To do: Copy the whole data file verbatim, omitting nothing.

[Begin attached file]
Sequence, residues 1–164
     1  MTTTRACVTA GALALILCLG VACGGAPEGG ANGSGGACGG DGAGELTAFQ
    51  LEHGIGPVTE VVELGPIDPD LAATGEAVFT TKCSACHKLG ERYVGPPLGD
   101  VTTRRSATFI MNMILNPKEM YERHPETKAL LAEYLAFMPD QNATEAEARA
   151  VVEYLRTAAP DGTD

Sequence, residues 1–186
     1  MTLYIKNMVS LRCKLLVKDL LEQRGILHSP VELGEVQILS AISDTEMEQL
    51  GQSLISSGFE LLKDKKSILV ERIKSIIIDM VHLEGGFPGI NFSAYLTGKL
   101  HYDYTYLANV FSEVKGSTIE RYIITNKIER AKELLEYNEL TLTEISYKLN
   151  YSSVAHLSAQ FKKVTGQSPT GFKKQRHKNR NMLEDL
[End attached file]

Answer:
Sequence, residues 1–164
     1  MTTTRACVTA GALALILCLG VACGGAPEGG ANGSGGACGG DGAGELTAFQ
    51  LEHGIGPVTE VVELGPIDPD LAATGEAVFT TKCSACHKLG ERYVGPPLGD
   101  VTTRRSATFI MNMILNPKEM YERHPETKAL LAEYLAFMPD QNATEAEARA
   151  VVEYLRTAAP DGTD

Sequence, residues 1–186
     1  MTLYIKNMVS LRCKLLVKDL LEQRGILHSP VELGEVQILS AISDTEMEQL
    51  GQSLISSGFE LLKDKKSILV ERIKSIIIDM VHLEGGFPGI NFSAYLTGKL
   101  HYDYTYLANV FSEVKGSTIE RYIITNKIER AKELLEYNEL TLTEISYKLN
   151  YSSVAHLSAQ FKKVTGQSPT GFKKQRHKNR NMLEDL